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News Release


Land and buildings tax should have more positive than negative impact

The new tax policy should promote a more efficient use of land and real estate and thus benefit the country’s property industry in the long run

​Earlier in this month, the Cabinet approved the framework of a new land and buildings tax bill. While it will take some time for property owners to familiarise themselves with the new tax when put into effect, many of them will inevitably feel a short-term negative impact. However, the new tax policy should promote a more efficient use of land and real estate and thus benefit the country’s property industry in the long run, according to Mrs. Suphin Mechuchep, Managing Director of property consultancy firm JLL.

Some owners will be forced to dispose of assets to avoid holding cost

As the new tax will introduce financial burdens on owners of properties that do not meet the tax exemption criteria, some of these owners will be forced to make better use of their property to avoid a high tax rate and/or get the property to generate income to offset the holding cost. Others will be pressured to dispose of their property surplus so as to escape from this tax burden.

Mrs. Suphin explains “Many of these owners are “asset-rich and cash-poor”, and may not be able to afford the new land and buildings tax, especially when the assets have high values. Therefore, they may decide to dispose of their real estate assets.”

Banks are another group of owners that could face pressure from the new tax policy and thus may have to accelerate the disposal of foreclosed real estate collaterals.

“Though a low land and buildings tax rate of 0.05% is planned for banks’ non-performing assets for a period of five years, the amount of tax to levy on foreclosed high-value real estate collaterals could still be significant. Therefore, it is expected that banks will try harder to dispose of these NPAs,” says Mrs. Suphin.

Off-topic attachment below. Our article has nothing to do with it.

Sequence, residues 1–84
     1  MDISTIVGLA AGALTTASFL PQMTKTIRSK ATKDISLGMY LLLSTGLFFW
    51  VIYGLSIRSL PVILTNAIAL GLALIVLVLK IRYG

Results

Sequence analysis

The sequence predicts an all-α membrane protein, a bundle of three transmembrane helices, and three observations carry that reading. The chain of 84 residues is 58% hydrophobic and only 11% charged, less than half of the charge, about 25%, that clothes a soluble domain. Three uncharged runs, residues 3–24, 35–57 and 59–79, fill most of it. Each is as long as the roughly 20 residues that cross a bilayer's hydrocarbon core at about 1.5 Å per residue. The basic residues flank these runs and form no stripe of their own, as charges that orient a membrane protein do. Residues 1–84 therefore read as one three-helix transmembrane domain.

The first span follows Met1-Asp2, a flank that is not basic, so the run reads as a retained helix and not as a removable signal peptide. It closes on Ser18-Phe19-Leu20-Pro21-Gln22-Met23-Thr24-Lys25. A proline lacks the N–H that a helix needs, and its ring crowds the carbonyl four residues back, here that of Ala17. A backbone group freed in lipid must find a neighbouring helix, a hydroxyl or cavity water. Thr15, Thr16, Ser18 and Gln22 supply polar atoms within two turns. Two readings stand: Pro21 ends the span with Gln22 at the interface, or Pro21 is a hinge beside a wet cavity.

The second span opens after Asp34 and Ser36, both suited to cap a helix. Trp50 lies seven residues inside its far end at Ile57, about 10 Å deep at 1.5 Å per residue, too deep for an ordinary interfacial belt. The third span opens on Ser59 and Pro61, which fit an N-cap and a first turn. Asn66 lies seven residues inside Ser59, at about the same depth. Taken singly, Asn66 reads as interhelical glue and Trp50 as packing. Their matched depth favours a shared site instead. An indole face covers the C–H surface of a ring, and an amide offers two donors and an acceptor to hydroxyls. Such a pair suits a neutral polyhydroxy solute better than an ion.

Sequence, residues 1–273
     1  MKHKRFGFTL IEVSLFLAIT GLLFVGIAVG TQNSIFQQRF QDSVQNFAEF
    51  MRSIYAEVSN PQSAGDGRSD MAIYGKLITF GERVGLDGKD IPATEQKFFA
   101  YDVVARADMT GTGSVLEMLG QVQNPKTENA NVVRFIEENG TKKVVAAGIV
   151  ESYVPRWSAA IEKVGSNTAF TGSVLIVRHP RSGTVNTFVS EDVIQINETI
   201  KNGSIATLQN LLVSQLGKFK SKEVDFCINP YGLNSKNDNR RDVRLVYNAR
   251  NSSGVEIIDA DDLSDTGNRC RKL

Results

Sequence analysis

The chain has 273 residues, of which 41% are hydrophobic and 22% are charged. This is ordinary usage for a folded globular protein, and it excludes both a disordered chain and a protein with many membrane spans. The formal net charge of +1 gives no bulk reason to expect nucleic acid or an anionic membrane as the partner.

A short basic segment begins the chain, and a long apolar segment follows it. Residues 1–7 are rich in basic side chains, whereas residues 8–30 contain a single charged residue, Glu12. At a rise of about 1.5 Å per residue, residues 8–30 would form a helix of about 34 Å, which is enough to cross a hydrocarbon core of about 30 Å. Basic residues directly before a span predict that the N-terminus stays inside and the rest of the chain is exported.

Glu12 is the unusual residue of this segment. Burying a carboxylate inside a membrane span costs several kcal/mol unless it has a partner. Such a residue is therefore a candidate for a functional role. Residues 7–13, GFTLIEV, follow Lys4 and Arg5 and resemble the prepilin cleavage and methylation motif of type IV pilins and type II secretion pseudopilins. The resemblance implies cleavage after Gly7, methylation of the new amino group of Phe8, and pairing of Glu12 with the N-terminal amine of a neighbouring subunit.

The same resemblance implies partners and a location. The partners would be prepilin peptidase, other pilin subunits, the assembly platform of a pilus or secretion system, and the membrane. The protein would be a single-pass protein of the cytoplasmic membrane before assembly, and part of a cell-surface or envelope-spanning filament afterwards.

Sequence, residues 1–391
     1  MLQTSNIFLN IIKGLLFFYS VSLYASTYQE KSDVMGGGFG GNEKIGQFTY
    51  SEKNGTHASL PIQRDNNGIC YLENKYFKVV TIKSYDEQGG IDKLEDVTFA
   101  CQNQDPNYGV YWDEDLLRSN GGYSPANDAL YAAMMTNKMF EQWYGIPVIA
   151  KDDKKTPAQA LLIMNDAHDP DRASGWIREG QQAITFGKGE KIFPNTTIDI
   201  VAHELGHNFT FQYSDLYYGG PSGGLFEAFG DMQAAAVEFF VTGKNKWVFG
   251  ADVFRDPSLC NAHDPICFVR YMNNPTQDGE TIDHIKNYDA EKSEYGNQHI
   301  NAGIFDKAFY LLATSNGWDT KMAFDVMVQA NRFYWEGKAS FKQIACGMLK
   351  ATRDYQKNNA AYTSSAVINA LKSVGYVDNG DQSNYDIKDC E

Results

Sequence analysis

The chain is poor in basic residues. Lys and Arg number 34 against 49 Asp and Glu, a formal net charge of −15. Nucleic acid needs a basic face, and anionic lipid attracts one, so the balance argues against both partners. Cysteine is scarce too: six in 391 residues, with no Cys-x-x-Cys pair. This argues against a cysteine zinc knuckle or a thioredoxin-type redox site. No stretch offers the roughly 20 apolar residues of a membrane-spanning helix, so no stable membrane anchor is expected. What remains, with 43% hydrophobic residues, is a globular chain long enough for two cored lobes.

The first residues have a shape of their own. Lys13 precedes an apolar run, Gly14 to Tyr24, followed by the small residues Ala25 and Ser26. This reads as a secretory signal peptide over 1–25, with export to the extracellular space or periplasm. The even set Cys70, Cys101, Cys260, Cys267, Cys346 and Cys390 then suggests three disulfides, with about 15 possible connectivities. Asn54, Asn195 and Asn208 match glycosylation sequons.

In these circumstances, property owners who are forced by the new tax to sell their property assets will likely adopt a flexible pricing strategy to accelerate sales, meaning some of them may reduce asking prices.

However, some well-capitalised owners are unlikely to lower their price expectation and will continue to absorb the opportunity costs associated with their assets and add the increased costs to the selling price. “This strategy may work when the asset is a sought-after property in a prime location,” Mrs. Suphin comments.

Gross rents in all property sectors may rise

For income-generating properties, there remains no clarity around whether the existing ‘rental’ tax (12.5% of the annual rental value or the annual assessed rental value) will remain or be replaced by the new land and buildings tax.

“Whatever the case may be, landlords would be undoubtedly pass on any additional cost resulting from the new tax to tenants. This would eventually push up gross rents in all property sectors. Nonetheless, the amount of tax that owners would pass on to tenants may vary from sector to sector,” says Mrs. Suphin.

“For example, owners of rental apartments in Bangkok may absorb most of the addition tax cost themselves due to fierce competition for tenants, not only with other apartment developments but also with rental condominiums. On the other hand, in the Bangkok office sector which is a landlord market, most of the additional cost, if not all, is likely to be passed on to tenants either directly or indirectly,” she explains. 

Despite these downsides, the impact should be more positive than negative

Apart from being a source of revenue which can be used to fund services at a local level, the new tax should help encourage a more efficient use of land, particularly when the highest tax rate is applied to vacant land that has been left unutilised. 

This new tax policy should also reduce speculative property purchasing.  “The land and buildings tax will increase risk exposure to speculators who acquire a property asset with the hope to hold it until it becomes more valuable and then resell it for profit. With the new tax, holding a property can be costly, particularly when the property is left unutilised or does not generate any income,” says Mrs. Suphin.

JLL also expects that the new tax will help reinforce the trend of professional developers focusing mainly on land plots for immediate development rather than buying land without a specific and concrete plan of what and when to develop.

“If well executed, the land and building tax should yield immense long-term benefits for the country,” Mrs. Suphin concludes.